Alexander Graham Bell’s 1885 voice recordings brought back to life

“In witness whereof — hear my voice, Alexander Graham Bell.” These are some of the oldest recorded words ever heard, recovered by a multidisciplinary team at Washington’s Smithsonian after 128 years. Scottish born Alexander Graham Bell might be best known for…

“In witness whereof — hear my voice, Alexander Graham Bell.”

These are some of the oldest recorded words ever heard, recovered by a multidisciplinary team at Washington’s Smithsonian after 128 years.

Scottish born Alexander Graham Bell might be best known for inventing the telephone, but he in fact made some of the earliest sound recordings while experimenting with different medium in his Volta Laboratory in Washington between 1880 and 1886. Unlike Thomas Edison, who wowed audiences on June 22 1878 with his playback of a cornet solo and a recitation of “Mary Had a Little Lamb”, or even Édouard-Léon Scott de Martinville, whose ten-second 1960 recording of Au Clair de la Lune was recently restored, Bell did not just record on embossed tin foil cylinders. He experimented with a number of materials, including metal, glass, paper, plaster and cardboard. The revived recording, dating from April 15 1885, was on wax, the medium that Edison would go on to popularise and mass market.

Playing back these fragile old recordings in the usual way was never going to be a possibility — the wear and tear making it too risky. In the early days of wax recordings cylinders would get worn down over time, sometimes being completely smoothed out to rerecord over. Grooves on the earliest cylinders are therefore smoothed out in places, producing gaps in the sound.The archive team at the Smithsonian are, however, in the ownership of 400 discs and cylinders bequeathed to them by Bell himself from the 1880s until his death in 1922. They did not announce the stash until 2011, by which time universities had begun trialling a kind of digitisation of old, defunct recordings.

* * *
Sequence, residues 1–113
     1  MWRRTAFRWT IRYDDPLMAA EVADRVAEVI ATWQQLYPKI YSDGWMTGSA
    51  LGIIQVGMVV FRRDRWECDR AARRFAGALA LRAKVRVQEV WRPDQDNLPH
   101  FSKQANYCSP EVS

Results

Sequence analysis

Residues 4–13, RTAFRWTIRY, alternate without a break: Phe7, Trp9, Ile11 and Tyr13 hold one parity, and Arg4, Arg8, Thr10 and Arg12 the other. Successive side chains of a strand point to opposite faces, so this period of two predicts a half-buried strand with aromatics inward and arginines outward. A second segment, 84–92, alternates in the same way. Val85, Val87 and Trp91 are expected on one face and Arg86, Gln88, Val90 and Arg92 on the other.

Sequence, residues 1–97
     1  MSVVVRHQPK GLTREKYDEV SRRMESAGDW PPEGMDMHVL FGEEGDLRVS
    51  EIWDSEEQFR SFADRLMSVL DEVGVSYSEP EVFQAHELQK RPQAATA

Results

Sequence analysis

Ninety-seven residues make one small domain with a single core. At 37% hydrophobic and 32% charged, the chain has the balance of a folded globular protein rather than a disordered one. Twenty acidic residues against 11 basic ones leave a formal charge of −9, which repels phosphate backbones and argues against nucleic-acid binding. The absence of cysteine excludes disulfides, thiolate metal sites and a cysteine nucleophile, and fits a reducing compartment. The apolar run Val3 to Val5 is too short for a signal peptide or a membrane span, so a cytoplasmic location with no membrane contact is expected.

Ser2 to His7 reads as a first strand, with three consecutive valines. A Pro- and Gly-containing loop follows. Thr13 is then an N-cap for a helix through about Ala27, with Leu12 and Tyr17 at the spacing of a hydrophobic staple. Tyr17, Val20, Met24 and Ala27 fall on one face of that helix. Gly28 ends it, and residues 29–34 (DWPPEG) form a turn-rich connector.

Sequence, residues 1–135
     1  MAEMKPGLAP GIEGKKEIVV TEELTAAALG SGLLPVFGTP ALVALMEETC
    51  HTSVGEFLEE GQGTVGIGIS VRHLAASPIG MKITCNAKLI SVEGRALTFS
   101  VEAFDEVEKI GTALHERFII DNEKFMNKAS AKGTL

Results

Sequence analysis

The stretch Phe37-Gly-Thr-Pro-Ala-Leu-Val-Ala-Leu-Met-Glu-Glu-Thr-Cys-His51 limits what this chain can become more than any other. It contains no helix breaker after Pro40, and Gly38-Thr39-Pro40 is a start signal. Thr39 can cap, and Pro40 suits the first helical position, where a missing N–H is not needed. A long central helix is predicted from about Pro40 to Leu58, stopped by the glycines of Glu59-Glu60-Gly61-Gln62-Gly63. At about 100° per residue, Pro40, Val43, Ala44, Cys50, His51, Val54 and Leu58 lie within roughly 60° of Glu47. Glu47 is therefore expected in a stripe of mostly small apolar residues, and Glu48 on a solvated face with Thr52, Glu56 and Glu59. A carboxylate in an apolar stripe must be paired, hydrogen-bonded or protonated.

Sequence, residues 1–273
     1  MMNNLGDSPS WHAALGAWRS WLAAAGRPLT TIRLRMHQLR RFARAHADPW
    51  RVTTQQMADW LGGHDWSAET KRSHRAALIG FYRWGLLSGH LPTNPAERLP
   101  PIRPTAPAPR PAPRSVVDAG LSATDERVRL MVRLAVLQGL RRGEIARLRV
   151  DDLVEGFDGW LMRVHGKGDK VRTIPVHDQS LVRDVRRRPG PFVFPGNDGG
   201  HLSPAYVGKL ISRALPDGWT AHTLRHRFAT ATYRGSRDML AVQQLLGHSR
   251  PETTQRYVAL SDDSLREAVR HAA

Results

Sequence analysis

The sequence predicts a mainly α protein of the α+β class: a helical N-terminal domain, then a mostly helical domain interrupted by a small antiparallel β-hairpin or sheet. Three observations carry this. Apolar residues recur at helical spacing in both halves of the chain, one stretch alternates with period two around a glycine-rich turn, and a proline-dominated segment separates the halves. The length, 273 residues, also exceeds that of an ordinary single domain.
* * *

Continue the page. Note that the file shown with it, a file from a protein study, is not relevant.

Physicist Carl Haber of the Lawrence Berkeley National Laboratory, along with a team made up of audio historians, brought to life the 1860 recording of “Au Clair de la Lune”, made on a phonautograph. Now a phonautograph was never actually intended to playback music. Using a quill attached to a vibrating membrane, it would simply etch a visual recording of sound onto foil, creating a phonautogram. But by scanning the phonautogram and using software to convert the lines of the recording into their corresponding sounds, Haber could map the music and play it back as a common sound file. The technique is called optical scanning. National Museum of American History curator Carlene Stephens got in touch with Haber and the pair collaborated on the Bell recordings revival, along with digital conversion specialist from the Library of Congress Peter Alyea and physicist Earl Cornell.
Together they generated a high resolution scan from the 10-35cm
discs, that would be converted to an audio file.What they uncovered were the muffled sounds of Bell, in an
accent born via Scotland, London, Canada and the US, reciting
Hamlet’s soliloquy, his own name, a sequence of numbers, and that
old favourite “Mary Had a Little Lamb”.Charlotte Gray, a biographer of Alexander Graham Bell who
wrote an article on the find for the Smithsonian, recalled the
moment she first heard his voice played back:“In that ringing declaration, I heard the clear diction of a man
whose father, Alexander Melville Bell, had been a renowned
elocution teacher… I heard, too, the deliberate enunciation of a
devoted husband whose deaf wife, Mabel, was dependent on lip
reading. And true to his granddaughter’s word [Mabel Grosvenor],
the intonation of the British Isles was unmistakable in Bell’s
speech. The voice is vigorous and forthright, as was the inventor,
at last speaking to us across the years.”

The man who dedicated his life to understanding speech —
creating the visible
speech technique with his father to help deaf children speak
and founding a Boston school to train teachers of the deaf — has
finally been given a voice.

Edited by Nate Lanxon

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